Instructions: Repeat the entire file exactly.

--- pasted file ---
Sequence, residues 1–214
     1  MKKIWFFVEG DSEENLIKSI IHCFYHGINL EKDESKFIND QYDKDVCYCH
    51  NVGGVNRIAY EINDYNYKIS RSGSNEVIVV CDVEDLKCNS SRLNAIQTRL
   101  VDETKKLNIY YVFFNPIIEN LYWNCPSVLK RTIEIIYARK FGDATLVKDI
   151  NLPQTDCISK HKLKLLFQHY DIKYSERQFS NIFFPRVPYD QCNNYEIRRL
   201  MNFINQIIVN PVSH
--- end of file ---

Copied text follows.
Sequence, residues 1–214
     1  MKKIWFFVEG DSEENLIKSI IHCFYHGINL EKDESKFIND QYDKDVCYCH
    51  NVGGVNRIAY EINDYNYKIS RSGSNEVIVV CDVEDLKCNS SRLNAIQTRL
   101  VDETKKLNIY YVFFNPIIEN LYWNCPSVLK RTIEIIYARK FGDATLVKDI
   151  NLPQTDCISK HKLKLLFQHY DIKYSERQFS NIFFPRVPYD QCNNYEIRRL
   201  MNFINQIIVN PVSH